The archiving and restoration program brought in Paul Blakemore from the Concord Music Group, who carried with him one of the original Colossus audio recorders. These were 16-bit recorders designed by Stockham in the late 1970s which used a 1" digital instrumentation transport and custom converters and were used by Telarc extensively. He played back the master tape of the original Telarc 1812 recording which sounded remarkably good for early digital recording (and much better than the Telarc CD). It was a fascinating presentation and a look into some of the constraints and compromises in digital recording back in the early days.


Sony was showing their new C100 condenser microphone. This is a two-way microphone with a main capsule and a high frequency capsule, and a crossover between the two at 25kHz. While I am a little skeptical about ultrasonic response being desirable for microphones, a lot of people in Japan are very enthusiastic about extended high frequency response and if you want it, this is the correct way to get it. Some other microphones have done this, with crossover points at lower frequencies that created aberrations below 20kHz that were clearly audible. Others have taken their standard capsules and equalized internally, resulting in flat ultrasonic response at the expense of tremendous ultrasonic noise. This is the smart way to do it and this is one of the first exciting microphones to come out of Sony in years.

Mark Fouxman from Samar Audio Design was showing off some new condenser microphones that he is adding to a long line of beautifully made precision ribbon microphones. But what was most interesting is that he had some very small sorbothane pucks with cups on top, for mounting microphone stands on to reduce conducted vibration into the stands. Very cool gadgets for field recording when the isolation mounts just aren't enough.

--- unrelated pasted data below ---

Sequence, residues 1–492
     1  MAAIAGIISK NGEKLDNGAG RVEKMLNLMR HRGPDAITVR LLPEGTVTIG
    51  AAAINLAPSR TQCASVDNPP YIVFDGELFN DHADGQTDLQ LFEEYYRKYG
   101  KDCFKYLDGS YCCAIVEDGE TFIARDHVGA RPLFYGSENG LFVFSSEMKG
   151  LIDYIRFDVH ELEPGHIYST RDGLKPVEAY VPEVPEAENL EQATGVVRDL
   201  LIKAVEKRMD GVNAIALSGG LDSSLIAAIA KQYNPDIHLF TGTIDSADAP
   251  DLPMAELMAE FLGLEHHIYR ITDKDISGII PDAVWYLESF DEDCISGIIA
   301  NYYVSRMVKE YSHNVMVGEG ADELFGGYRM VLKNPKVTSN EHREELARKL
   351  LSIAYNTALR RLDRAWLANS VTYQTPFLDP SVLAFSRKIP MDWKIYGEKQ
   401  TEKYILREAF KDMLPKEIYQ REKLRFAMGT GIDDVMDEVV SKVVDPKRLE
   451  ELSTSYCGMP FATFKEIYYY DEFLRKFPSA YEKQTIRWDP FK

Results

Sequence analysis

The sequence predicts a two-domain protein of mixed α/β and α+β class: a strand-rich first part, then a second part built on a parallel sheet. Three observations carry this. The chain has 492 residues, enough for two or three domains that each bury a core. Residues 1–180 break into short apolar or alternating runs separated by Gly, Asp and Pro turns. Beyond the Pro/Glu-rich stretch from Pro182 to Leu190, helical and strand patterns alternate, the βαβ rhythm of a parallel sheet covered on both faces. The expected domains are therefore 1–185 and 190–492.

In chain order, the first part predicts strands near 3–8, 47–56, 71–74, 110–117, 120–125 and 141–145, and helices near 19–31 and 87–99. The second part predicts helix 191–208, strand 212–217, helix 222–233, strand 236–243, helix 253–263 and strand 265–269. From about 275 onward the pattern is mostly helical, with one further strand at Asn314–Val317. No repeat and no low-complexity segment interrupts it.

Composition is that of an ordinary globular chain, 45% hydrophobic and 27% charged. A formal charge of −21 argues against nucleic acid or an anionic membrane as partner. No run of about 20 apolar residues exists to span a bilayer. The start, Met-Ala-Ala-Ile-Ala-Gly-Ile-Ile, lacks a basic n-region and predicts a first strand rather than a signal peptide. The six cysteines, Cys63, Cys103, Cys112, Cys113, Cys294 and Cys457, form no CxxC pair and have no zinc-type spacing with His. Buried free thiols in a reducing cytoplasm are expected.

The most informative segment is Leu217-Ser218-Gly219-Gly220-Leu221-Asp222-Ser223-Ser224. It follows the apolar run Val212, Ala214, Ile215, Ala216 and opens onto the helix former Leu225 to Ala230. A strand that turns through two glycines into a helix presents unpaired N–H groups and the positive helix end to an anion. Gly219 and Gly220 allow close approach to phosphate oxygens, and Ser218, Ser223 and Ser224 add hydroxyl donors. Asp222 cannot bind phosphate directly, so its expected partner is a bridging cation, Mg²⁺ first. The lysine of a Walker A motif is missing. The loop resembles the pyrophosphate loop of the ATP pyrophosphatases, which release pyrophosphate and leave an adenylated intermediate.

A company from Poland called Zylia was selling a microphone array, a small ball with a number of transducers around it. By recording the array as a discrete multichannel recording, they can in post-production later on adjust the microphone pattern. What is unique about this is the application they are looking at, because they are talking about putting the microphone in front of a group of musicians and extracting multiple outputs with different derived patterns, one pointed at each musician. It's an interesting and strange way to make a one-microphone recording. I am a little skeptical of the ability to get tight control with only 19 channels, but it was hard to tell under show conditions. Definitely worth checking out in a better listening environment.

Not a lot of papers this year about microphones, although John Vanderkooy had an interesting paper called Loudspeakers as Microphones for Infrasound in which he described very low frequency microphones built with loudspeakers. The idea isn't new, but he did a good job of showing the math to both describe the system response and the noise analysis. Preprint 9856.

Another paper related to microphones was Development and application of a stereophonic multichannel recording technique for 3D Audio and VR by Helmut Wittek and Guenther Theile. They propose an array of eight supercardioid microphones which can give signals that can be integrated into an object oriented audio mix. It gives good imaging up front and in the rear, height and depth cues, and good stability. Preprint 9869 (even though the paper does not say that on the top).


Probably most interesting for the high end crowd are some of the new silver wound transformers from Lundahl in Sweden. Some of their smaller tube amp output tranformers and interstage transformers are now available with silver wire as an option. Performance is a slight improvement over the already excellent Lundahl transformers, due to the lower series resistance.

Another thing that will be of great interest to the high end community is a line of thin film chip resistors specifically aimed at the audiophile market, sold by Susumu International and available through Digi-Key. Susumu claims lower excess noise than competing resistor designs and lower than their standard through hole types. Worth checking out for collector resistors on high gain phono preamps and similar applications.

Electroswitch makes some very fine and solid switches, and they were showing them off at the show. What I had never seen before was their MM Series of rotary encoders, in part because the cool thing about them is something they aren't promoting. These can be ordered as simple 12-position rotary switches instead of encoders, and they can be ordered with a hollow center shaft so that a pushbutton can be put in the middle of your knob. But, that center shaft can ALSO be used to mount a potentiometer for a convenient and easy concentric switch/pot combination, something you very seldom see today.